Hurricane Ian made landfall at a high Category 4 storm, doing major damage in Fort Myers with its 7 foot storm surge. [The sustained winds were only two mph short of being a Category 5 storm.] Ian tied for the 5th strongest hurricane to make landfall. It then crossed Florida, doubled back over sea gaining strength and hit South Carolina as a Category 1 storm. In Florida, more than 2.3 million lost power. Areas of Florida got 12 to 28 inches of rain. Hundreds of flights were canceled in the domino effect of airfare cancellations. It has become the 6th deadliest US Hurricane since 1980 with just over 100 deaths, and it is Florida's biggest storm since 1935. Financially, the total damages range in the neighborhood of $68-100 BILLION. Capital B. Capital "all" letters.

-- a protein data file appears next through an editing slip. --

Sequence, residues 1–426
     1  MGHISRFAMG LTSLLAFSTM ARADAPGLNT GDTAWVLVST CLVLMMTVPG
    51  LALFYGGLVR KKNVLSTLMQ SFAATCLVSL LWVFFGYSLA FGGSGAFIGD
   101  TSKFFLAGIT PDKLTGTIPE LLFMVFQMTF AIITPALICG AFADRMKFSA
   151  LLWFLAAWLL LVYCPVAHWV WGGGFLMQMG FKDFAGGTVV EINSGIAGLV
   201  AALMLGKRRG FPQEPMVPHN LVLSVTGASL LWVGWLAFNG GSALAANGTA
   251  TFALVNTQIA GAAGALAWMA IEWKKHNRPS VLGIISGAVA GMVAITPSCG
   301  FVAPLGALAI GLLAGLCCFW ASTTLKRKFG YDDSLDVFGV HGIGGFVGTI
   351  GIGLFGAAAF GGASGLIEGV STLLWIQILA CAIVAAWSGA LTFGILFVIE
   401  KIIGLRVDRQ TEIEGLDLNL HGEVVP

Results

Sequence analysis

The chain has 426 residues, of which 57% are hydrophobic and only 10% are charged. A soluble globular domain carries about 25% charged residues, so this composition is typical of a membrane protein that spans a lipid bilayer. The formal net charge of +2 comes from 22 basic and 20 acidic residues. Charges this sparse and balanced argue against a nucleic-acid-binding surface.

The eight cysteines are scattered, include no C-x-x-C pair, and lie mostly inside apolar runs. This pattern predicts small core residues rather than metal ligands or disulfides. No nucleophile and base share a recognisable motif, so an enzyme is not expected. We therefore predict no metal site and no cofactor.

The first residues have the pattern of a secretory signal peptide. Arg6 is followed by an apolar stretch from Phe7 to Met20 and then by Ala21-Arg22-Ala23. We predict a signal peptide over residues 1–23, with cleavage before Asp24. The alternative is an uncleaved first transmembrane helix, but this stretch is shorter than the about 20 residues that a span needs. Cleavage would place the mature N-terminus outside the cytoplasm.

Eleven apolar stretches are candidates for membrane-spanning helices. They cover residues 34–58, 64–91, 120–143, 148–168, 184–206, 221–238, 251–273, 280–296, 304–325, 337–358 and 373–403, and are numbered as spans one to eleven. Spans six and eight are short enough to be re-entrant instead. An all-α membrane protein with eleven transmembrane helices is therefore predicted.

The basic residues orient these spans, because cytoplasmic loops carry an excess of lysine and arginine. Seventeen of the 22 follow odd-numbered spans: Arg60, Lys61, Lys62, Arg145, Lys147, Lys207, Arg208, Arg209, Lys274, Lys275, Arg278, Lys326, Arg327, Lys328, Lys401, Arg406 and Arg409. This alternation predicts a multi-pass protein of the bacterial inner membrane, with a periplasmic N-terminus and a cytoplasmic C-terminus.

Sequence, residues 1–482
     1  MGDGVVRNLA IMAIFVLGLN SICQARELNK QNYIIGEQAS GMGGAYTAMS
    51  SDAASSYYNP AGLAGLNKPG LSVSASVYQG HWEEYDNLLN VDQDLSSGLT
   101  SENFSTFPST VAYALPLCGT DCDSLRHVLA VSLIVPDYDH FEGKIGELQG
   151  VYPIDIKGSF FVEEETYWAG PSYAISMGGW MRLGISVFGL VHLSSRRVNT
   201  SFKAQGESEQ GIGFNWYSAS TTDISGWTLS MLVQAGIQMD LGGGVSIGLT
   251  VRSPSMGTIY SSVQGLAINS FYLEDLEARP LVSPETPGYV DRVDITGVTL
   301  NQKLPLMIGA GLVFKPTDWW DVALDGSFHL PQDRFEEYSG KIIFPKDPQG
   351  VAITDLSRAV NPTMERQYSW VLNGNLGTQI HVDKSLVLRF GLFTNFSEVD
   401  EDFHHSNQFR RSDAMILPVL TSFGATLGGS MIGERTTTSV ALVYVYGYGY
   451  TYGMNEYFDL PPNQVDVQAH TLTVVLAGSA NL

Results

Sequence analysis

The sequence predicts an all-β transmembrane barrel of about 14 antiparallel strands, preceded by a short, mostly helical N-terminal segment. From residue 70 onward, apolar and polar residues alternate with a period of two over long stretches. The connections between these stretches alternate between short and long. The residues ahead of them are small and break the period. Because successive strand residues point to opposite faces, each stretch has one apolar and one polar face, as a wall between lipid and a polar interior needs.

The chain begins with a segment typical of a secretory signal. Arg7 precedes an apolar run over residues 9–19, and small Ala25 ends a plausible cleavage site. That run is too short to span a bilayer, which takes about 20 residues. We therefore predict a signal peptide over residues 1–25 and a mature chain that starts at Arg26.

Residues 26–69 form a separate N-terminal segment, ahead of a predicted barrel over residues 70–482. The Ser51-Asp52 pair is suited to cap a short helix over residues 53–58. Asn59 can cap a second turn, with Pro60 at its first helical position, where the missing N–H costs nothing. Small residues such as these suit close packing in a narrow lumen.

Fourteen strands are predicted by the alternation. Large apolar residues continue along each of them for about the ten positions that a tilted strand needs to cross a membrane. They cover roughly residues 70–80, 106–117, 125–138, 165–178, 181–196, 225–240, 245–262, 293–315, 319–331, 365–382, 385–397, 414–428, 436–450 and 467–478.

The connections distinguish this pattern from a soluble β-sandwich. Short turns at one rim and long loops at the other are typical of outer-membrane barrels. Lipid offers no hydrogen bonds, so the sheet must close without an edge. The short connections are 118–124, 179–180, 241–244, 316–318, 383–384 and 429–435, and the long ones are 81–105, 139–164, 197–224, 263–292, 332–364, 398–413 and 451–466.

Climate change gets credit for intensifying the rainfall, making Hurricane Ian's rain 10% worse due to greenhouse gas pollution, thanks to life beyond the Industrial Revolution. Climate change often also gets credit for warming the oceans which only serves to intensify the growth and power of the storm.
This video from NOAA SciJinks shows how hurricanes form. It's the perfect informative video for both young and old.
If you are in a position to help in the aftermath of Hurricane Ian, here are some resources:
- FEMA's "Here's How You Can Help Hurricane Survivors" website
- Read World Central Kitchen's story of how they've provided hot meals during the storm and support their cause.
- CDP: The Center of Disaster Philanthropy's recovery and support network--you can funnel your donations directly to the 2022 Atlantic Hurricane Season's relief.
- Team Rubicon's Disaster Response--Donate to help support military veterans who serve as first responders to come in and assist during the humanitarian crises that arrive when disasters hit.
- Verified Hurricane Ian GoFundMe fundraisers